A routered edge should be laser-straight. I've never seen a a wavy edge. Full speed, and gently does it. Let the machine and the cutter do the work. And BTW - it's a 'pass', not a 'sweep'. A sweep is what you do with a brush. Unless you're an electrician.
     
    Last edited: Nov 25, 2021 at 10:51 PM
  15. kitfit1

    kitfit1 Screwfix Select

    Nah, Fred was a true professional................he would never have left enough for even Duropal to be able to salvage for a worktop :D:D:D:D
     
  16. kitfit1

    kitfit1 Screwfix Select

    I really have a problem with why you are asking these questions ? Use a proper powerful router and none of the rubbish questions and answers to non existant problems you seem to be creating would come up. Are you using some cheap palm router and expecting it to route a 40mm bit of oak ? It won't is the answer, in case you are asking that.
     
  17. candoabitofmoststuff

    candoabitofmoststuff Screwfix Select

    I take 3 or 4 times as long!
    Cando
     
  18. fizzy2

    fizzy2 Member

    I have never used a router and I'm trying to learn before I do use so. I want to avoid the rubbish finish that you see throughout the industry. The wavy lines that i'm referring to are are a genuine issue that definitely exists. I have seen them on professionally/commercially produced finished surfaces, whether it be mdf kitchen doors, mouldings, skirting etc. It can be difficult to see on dull/texture surfaces, and much easier to see on glossy/wrapped surfaces where the lines show in the light/reflections.

    I assume that one cause is that the blade of a plane or router etc is NOT continually cutting. As the blade finishes one cut, the tool is moved along the workpiece before doing another cut. Furthermore, because the tool is actually moving linearly whilst performing each cut, each radius of the cut is elongated (like the longer side of an ellipse). This leaves the surface with a series of parallel ridge lines. The hope is that you move the tool slow enough across the cut surface, to make all the discreet cuts so close together, that the each elliptical cut/ridge becomes invisible to the naked eye (clearly not achieved on many rapidly produced commercial products).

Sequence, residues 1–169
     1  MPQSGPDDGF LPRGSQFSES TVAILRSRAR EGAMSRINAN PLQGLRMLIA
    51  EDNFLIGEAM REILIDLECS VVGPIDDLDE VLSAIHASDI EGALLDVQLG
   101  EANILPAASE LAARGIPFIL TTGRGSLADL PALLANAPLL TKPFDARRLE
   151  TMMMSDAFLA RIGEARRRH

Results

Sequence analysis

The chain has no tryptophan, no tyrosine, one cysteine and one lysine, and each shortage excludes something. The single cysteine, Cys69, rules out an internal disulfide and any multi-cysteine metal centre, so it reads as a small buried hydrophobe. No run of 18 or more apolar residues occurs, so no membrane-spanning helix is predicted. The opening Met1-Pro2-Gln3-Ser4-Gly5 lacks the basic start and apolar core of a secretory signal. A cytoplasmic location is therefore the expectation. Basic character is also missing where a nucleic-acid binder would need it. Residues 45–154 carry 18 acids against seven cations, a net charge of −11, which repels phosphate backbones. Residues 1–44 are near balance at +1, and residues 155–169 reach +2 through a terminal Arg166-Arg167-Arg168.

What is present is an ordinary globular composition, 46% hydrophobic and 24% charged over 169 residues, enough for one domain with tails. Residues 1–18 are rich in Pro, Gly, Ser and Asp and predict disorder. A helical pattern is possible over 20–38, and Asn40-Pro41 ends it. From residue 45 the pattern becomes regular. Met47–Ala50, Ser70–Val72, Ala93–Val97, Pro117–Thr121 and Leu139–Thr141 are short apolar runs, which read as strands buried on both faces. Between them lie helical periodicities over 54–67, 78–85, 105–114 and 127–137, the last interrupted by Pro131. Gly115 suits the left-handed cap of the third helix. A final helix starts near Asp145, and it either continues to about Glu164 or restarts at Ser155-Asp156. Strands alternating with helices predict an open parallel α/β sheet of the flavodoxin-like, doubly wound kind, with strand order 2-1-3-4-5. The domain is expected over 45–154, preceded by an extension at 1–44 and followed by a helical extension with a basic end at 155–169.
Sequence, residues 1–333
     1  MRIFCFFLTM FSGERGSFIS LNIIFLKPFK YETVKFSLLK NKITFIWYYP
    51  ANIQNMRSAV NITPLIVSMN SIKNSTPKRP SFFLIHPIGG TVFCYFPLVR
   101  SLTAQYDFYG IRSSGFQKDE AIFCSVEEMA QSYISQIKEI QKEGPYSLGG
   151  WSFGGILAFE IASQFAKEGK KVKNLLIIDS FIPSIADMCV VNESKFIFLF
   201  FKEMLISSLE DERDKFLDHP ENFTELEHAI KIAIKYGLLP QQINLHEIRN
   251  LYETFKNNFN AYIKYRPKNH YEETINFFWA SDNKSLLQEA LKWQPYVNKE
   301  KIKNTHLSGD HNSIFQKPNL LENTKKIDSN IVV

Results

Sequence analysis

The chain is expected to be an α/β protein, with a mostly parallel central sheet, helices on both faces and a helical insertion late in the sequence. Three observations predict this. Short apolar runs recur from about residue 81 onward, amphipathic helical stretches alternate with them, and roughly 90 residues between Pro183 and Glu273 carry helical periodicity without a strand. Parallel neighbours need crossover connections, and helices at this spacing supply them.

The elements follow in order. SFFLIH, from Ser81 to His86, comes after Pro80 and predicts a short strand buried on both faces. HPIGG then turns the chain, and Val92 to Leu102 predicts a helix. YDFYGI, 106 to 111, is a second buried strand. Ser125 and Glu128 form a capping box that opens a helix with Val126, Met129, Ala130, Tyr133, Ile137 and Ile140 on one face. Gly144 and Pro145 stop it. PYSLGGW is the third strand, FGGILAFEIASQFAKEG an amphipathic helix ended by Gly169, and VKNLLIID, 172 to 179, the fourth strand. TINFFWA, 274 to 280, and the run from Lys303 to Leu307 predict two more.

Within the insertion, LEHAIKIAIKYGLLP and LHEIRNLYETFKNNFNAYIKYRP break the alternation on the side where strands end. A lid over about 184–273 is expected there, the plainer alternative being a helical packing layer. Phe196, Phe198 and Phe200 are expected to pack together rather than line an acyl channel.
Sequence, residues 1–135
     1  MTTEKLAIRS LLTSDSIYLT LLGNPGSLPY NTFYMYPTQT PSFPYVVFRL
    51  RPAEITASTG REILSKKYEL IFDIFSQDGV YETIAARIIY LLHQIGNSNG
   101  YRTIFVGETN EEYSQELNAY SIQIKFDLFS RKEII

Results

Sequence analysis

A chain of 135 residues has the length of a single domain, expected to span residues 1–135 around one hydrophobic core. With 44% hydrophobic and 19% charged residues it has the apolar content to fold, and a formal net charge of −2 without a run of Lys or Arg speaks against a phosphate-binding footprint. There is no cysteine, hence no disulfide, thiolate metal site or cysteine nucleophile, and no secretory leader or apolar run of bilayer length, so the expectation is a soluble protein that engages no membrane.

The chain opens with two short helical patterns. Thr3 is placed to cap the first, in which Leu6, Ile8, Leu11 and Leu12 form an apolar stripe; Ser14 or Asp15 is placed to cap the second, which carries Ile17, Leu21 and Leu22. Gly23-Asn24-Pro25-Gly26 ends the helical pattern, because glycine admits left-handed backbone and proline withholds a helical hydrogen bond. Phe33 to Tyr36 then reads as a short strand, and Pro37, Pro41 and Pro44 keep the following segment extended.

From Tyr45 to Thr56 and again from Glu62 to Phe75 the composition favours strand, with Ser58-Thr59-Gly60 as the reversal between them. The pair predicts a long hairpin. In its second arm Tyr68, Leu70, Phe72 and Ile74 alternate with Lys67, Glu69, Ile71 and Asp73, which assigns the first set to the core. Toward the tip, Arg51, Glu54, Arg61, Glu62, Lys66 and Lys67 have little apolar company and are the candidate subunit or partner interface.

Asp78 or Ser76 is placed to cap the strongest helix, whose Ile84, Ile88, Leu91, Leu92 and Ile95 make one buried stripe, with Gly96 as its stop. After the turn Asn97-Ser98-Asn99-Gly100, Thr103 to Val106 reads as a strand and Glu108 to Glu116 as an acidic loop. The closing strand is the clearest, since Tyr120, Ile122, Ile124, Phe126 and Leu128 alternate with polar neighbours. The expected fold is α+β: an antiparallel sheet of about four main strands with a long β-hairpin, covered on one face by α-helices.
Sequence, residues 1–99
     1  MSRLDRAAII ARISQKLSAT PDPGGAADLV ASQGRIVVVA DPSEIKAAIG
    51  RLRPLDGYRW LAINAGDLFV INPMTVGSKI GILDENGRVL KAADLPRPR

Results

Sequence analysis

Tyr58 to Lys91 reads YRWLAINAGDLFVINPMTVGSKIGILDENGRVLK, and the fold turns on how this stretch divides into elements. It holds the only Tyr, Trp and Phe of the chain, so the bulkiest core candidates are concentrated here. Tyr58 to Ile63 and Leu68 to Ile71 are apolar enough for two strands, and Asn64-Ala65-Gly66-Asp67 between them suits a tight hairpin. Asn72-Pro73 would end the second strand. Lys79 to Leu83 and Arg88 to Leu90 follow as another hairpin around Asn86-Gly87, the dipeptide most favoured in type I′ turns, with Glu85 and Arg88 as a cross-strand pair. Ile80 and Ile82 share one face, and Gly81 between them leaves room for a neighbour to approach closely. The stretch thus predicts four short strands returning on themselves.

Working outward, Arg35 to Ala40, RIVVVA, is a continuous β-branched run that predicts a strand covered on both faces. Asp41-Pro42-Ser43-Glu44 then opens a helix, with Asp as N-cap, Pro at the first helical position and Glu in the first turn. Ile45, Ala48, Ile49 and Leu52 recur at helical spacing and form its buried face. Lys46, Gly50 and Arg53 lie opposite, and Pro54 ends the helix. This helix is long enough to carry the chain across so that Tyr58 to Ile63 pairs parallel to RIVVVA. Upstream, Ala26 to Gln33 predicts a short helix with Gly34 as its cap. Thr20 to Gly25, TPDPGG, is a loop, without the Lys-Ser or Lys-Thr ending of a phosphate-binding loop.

Now, if the lines are 0.25mm apart on a 4 flute blade, they will become 1mm apart on a 1 flute blade (when the tool is moved at the same speed) and the ridges will become more pronounced. So you'd have to move the tool at quarter speed to get the same number of lines and gap between discreet cuts. It may be that you move your router so slowly, that you can't see these lines, however many blades/cutting edges are on your bit.

    I once saw a carpenter at my place of work who was unhappy with the finish of his electric plane because one of the two blades was damaged. He told me that he'd come back the next day with a new blade. I told him to remove the damaged blade and try again, but it left ridge lines. I told him to move the plane at half speed and he was amazed that the lines didn't appear. A city in guilds carpenter of 30 years experience!

    You are unlikely to observe these lines if you are concealing / compressing them within a joint.

    I don't think that I'm teaching you anything here - just explaining that the issue is real. It's not the quality and size of your tool that matter here, it the way you use it!
     
    Last edited: Nov 26, 2021 at 8:50 AM
  19. fizzy2

    fizzy2 Member

    I agree with 'gently' does it. It's just that you need to be more gentle with fewer cutting edges - surely?

    Actually a 'sweep' motion is universally used to describe a motion or route that goes from one location to another in a methodical path, often with a different route to get back to the starting point.
    There's a team sweeping the park looking for clues...
    We're sweeping the block looking for intruders
    The sweeping of a golf club
    The sweeping of a broom (the brush stroke & return stroke)
    The sweeping of a shaping machine (quicker action return above the work piece)
    The sweeping a plane or router (the cut pass plus the return to the start)
    Stop making sweeping statements!
     
  20. woodbutcherbower

    woodbutcherbower Well-Known Member

    The only wavy lines I’ve ever seen on any piece of timber is on flat stock which has been passed through a planer/thicknesser/jointer with either poorly adjusted or blunt blades. It’s called ‘chatter’ and is sanded out during normal material prep.

    As for the above diatribe - I can’t quite believe what I just read. Wavy lines on a routered edge caused by the cutter edge moving along the workpiece ?? Really ??

    I use three different routers during my course of work - a half-inch for big heavy stuff, a quarter-inch for more delicate stuff, and a palm router for trimming, rounding-over etc. I don’t have all the specs to hand, but do I know that the max speed of my main one (Festool OF2200) is 22,000 rpm. That’s 366 cuts per second - or 732 cuts per second using a two-flute cutter. Moving the router at a normal slowish pace (say 100mm every 3 seconds) results in 2,196 cuts per 100mm, or just under 22 cutting slices for every mm.

    And you can SEE those ?? I’d suggest a phone call to NASA. I hear they’re looking for a replacement for the Hubble space telescope. I’m afraid I won’t be contributing anything else to this discussion - it’s been my endless experience that amateurs always, always know best. I wish you good fortune in all your endeavours. Over and out.